There was no immediate claim of responsibility. However, al Qaeda-linked al Shabaab militants have kept up guerrilla-style attacks and kidnappings in the city despite being largely pushed out by Somali and African forces two years ago.
Witnesses said the Swede going back to her hotel after giving a speech at the University of Somalia when the gunmen struck near the Turkish embassy.
Student Ahmed Dek said the Swedish woman flung open the rear door of the car and ran under a hail of bullets towards the university. She was bleeding badly from her left side, he said.
A police officer guarding the Swedish woman and a Somali man said to be her translator were killed, police said. A Somali woman from Sweden was also wounded.
Bile Ibrahim, of the criminal investigation department, said police were investigating a possible attempted kidnap.
The Swedish Foreign Ministry confirmed a Swedish woman had been shot and injured and said it was investigating the circumstances of the attack.
The ministry said preparations were under way to move her to Kenya after treatment in Mogadishu. A spokesman for the U.N. hospital there said her wounds were not life threatening.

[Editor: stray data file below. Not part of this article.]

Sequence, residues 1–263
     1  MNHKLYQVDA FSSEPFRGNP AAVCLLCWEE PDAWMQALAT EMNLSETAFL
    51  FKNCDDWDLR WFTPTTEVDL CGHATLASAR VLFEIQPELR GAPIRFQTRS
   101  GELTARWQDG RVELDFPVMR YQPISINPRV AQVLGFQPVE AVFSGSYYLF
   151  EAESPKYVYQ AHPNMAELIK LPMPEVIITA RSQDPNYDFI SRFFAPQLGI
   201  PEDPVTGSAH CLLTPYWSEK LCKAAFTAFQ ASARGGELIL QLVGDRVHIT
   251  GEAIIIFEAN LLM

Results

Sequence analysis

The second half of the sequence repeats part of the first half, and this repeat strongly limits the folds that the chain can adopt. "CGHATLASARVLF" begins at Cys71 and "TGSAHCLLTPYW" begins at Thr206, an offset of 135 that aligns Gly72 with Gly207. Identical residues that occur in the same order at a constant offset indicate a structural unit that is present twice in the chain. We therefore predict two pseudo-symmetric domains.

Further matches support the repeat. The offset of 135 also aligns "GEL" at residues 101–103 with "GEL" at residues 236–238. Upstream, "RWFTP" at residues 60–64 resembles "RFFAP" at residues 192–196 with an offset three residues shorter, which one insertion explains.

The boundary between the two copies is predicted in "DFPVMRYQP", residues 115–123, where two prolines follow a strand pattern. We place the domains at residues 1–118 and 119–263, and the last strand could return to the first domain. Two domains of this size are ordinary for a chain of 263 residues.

Somalia has a new elected government that has been in charge for about a year and is attempting to rebuild itself after two decades of civil war and lawlessness, triggered by the overthrow of president Siad Barre in 1991.
Last week, a medical charity that was a lifeline for hundreds of thousands of Somalis announced it was pulling out of the country, saying the threat of deadly violence had become intolerable.
(Additional reporting by Anna Ringstrom in Stockholm; Writing by James Macharia; Editing by Alison Williams)